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Kicking Off 2021 and the Decade of Ocean Science

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Happy New Year everyone!

This year marks the start of the Decade, meaning we have 10 years to deliver on the 2030 Agenda for Sustainable Development and the 17 Sustainable Development Goals (SDGs). To ring in the new year, I want to revisit what the Decade is about and why it is so important. There’s a lot to look forward to so let’s get to work!

What is the United Nations Decade of Ocean Science for Sustainable Development?

The United Nations decided on December 5th, 2017 that the Decade will be held from 2021 to 2030. It will be a “once in a lifetime” opportunity to establish a common framework that will allow countries to utilize ocean science to achieve the 2030 Agenda for Sustainable Development. The ocean is our planet’s largest ecosystem and impacts everyone – directly or indirectly. The Decade will bring together stakeholders, from scientists to policymakers, to ensure that ocean science can deliver greater benefits for both the ocean ecosystem and for society.

The vision for the Decade is shown in the chart below:

Photo sourced from the United Nations Decade of Ocean Science for Sustainable Development

Overall, the Decade aims to provide a thorough framework to achieve a number of high-level scientific outcomes such as:

  • Comprehensive digital atlas of the ocean
  • Comprehensive ocean observing system for all major basins
  • Quantitative understanding of ocean ecosystems and their functioning as the basis for their management and adaptation
  • Data and information portal
  • Integrated multi-hazard warning system
  • Capacity building and accelerated technology transfer, training and education, Ocean literacy
  • Ocean in earth-system observation, research and prediction, supported by social and human sciences and economic valuation

Why do we need the Decade?

According to the United Nations First World Ocean Assessment, the Ocean is now seriously degraded. Pollution, overfishing, and ocean acidification caused by human activities have negatively impacted marine ecosystems everywhere. To properly respond and restore the health of the ocean, actions need to be based on sound knowledge informed by ocean science.

Unfortunately, global ocean science capabilities are not evenly distributed around the world. Most of the current research is carried out in developed countries such as the United States and China. Small Island Developing States (SIDS) and Least Developing Countries (LDCs), on the other hand, generally lack both the capacity and capability to undertake sound marine scientific research.

As a result, many countries are unable to conduct the necessary research to understand their local marine environment. This research is vital for policymakers to make critical decisions that could impact their local environment. Therefore, the Decade aims to bridge this gap by building a framework that will strengthen connections and partnerships between all communities that are working to study, conserve, and sustainably use the ocean and its resources.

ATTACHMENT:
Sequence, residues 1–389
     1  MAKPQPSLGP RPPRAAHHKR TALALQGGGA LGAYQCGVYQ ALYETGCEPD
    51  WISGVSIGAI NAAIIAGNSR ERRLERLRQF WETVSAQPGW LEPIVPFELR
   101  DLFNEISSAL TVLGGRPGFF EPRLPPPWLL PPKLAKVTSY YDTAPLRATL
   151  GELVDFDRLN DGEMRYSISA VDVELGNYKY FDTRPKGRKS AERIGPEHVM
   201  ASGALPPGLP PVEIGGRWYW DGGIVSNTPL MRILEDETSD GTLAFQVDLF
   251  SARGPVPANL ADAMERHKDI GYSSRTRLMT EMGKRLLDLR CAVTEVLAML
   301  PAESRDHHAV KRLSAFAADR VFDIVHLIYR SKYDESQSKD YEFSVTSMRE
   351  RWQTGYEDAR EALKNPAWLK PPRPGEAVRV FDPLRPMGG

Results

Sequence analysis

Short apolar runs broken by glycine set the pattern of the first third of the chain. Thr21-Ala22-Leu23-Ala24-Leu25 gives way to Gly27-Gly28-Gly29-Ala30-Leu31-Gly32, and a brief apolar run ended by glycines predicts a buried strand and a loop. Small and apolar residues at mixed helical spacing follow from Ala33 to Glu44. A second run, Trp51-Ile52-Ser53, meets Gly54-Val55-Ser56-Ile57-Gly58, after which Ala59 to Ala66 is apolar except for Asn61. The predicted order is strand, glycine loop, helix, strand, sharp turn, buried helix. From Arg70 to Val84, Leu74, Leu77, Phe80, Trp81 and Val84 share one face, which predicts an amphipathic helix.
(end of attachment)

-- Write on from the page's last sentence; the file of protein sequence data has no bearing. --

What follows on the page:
Who can get involved?

The success of the Decade will require participation at all levels and contributions from many different stakeholders. Some of the key stakeholders include:

  • Scientists to formulate priorities and plan for the global ocean agenda
  • Policy-makers to connect ocean science activities with the 2030 Agenda
  • Private Sector to develop and share new technologies needed to achieve key Decade objectives
  • Donors to support the development of ocean science that meets the needs of society
  • Civil Society/NGOs to help to connect ocean science to societal needs and interests
  • Public/All of Us to contribute directly towards achieving the aims of the Decade

Enable Action at all Levels

Restoring the ocean cannot be done alone. It will require cooperation at all levels – local, national, regional, and international – to deliver the ocean we need for the future we want. To enable action at all levels will require:

  • Strengthening dialogues: There are many stakeholders interested in maintaining the health of the ocean – from scientists, governments, academics, policy makers, business, industry and civil society – and all their voices should be heard. Everyone has to be at the table
  • Developing partnerships: Words will not be enough though. Bold partnerships forged from those dialogues will allow stakeholders to bring their vision to life. This could be in the form of new ideas, solutions, partnerships, or applications
  • Developing capacity-building: The latest technology is useless unless there are people who know how to use it. Developing the scientific knowledge base in SIDS and LDCs will also be vital for these countries to conduct proper ocean science research
  • Leveraging funds and investments: Money makes the world go ’round. Currently, ocean science accounts for only between 0.04% and 4% of global research and development expenditures. More investments will be needed in areas where urgent action is needed

Next Steps

If you would like to contribute to the Decade, here are a few things you can do:

  • Attend an event: Events are being hosted constantly by partner organizations around the world. You can find more information about the latest events here
  • Share resources: There are resources available for any stakeholder whose interested in learning more about the Decade. You can find the stakeholder resources here
  • Join the planning process: You can create a user profile by following this link which will allow you to connect to organizations, invite potential partners and discuss new ideas in the community forum
  • Follow Eat Blue: Follow us to stay updated on the latest articles posted by our ambassadors at @eatbluenow on Facebook, Instagram and Twitter.

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